At this stage of the game, it appears that we more or less know what the agreement deal to raise the debt ceiling will be: it’s going to be the Boehner plan, or possibly something occupying the very small space between the Boehner and Reid plans. In other words, a significant amount of discretionary spending cuts, some small trimming of mandatory spending, no entitlement reform, and no tax hikes.
Whether this result represents a victory for Republicans and conservatives, I think, rests on whether real reforms of entitlements were ever within reach. It is possible that they were not, in which case decreasing discretionary spending and saving hundreds of billions in interest payments could be counted as a negotiating victory, given that Democrats control two-thirds of the government. Of course it represents a compromise, and isn’t anywhere near Republicans’ initial terms. That’s how bargaining works. The conservatives outraged at merely the prospect of the Boehner deal should realize, even if they’re right to be outraged, that the compromise would have been much further to the left if the Tea Party-influenced members of Congress hadn’t made such huge opening demands.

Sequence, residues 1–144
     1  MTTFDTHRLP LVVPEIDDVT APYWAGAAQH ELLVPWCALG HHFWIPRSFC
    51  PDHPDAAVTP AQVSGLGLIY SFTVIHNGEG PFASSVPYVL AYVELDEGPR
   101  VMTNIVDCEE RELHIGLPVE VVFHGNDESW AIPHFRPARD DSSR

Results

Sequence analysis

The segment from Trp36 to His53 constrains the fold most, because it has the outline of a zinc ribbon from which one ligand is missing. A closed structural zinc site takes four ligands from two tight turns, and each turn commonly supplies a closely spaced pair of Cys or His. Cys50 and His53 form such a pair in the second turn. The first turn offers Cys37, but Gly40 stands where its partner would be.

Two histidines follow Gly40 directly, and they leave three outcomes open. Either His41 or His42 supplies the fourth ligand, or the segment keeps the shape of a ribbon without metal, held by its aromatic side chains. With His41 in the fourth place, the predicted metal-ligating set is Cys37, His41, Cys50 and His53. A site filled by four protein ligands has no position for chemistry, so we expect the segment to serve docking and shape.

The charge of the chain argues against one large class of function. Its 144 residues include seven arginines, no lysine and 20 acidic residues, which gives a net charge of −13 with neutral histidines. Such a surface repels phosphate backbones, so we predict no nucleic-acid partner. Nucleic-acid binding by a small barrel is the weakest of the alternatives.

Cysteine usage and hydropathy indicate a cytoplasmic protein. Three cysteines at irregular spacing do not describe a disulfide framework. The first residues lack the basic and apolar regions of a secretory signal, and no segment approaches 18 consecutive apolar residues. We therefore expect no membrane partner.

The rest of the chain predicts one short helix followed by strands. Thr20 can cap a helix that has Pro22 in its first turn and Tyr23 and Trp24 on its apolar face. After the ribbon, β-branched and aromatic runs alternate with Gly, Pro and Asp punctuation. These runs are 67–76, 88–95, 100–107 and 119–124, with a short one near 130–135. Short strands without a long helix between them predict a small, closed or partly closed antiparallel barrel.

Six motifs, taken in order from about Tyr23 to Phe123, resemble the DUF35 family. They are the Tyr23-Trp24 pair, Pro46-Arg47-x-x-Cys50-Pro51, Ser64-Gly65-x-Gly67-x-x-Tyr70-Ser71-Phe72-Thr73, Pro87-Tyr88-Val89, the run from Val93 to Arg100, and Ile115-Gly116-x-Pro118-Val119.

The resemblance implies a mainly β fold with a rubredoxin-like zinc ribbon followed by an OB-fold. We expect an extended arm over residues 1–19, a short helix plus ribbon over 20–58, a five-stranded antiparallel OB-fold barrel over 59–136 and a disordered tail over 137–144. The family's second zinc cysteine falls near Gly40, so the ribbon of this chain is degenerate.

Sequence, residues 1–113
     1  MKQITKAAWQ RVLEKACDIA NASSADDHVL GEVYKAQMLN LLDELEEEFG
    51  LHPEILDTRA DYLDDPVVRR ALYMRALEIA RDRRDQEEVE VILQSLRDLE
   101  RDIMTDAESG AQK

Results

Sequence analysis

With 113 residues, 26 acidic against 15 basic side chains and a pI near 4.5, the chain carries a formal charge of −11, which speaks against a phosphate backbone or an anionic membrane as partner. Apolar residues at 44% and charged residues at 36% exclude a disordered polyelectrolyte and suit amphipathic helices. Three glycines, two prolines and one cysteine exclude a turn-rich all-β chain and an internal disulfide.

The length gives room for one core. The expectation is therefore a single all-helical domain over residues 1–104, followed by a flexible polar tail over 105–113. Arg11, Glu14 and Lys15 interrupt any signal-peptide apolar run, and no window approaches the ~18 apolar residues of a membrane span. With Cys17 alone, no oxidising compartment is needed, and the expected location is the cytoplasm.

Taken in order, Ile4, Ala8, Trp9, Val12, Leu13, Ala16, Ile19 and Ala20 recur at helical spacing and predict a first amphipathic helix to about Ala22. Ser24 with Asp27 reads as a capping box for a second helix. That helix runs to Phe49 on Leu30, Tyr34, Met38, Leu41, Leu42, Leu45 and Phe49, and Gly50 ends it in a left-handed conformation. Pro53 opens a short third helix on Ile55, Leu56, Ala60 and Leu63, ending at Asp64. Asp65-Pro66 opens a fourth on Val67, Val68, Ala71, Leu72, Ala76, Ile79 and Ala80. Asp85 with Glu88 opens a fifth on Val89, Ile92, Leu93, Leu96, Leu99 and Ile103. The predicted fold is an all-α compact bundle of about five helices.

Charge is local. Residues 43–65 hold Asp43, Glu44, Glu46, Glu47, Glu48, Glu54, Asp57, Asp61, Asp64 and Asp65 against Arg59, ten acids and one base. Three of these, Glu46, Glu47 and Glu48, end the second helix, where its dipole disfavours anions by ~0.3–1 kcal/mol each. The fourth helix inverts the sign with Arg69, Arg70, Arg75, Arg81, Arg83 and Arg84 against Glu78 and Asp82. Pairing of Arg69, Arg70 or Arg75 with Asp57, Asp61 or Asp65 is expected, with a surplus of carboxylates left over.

But what if something like the Coburn-Lieberman Medicare reform was attainable? That alone, without any accompanying discretionary spending cuts or spending caps, would have done far more to address the looming debt problem than the Boehner plan. Theoretically, it’s a plan that could attract bipartisan support and that Obama would sign, although it’s just as likely that fiscal-denialist Democrats would have blocked anything that could be construed as a cut.
Enacting Medicare reform or even merely trimming Medicare and Social Security spending would not only have addressed the real driver of the debt, it also would have prevented the Democrats from using the Paul Ryan plan as a weapon against the Republicans in the 2012 elections. With the Boehner plan instead, that issue will be resurrected again during the election year, as a fresh reminder to voters that all Republicans voted to restructure Medicare.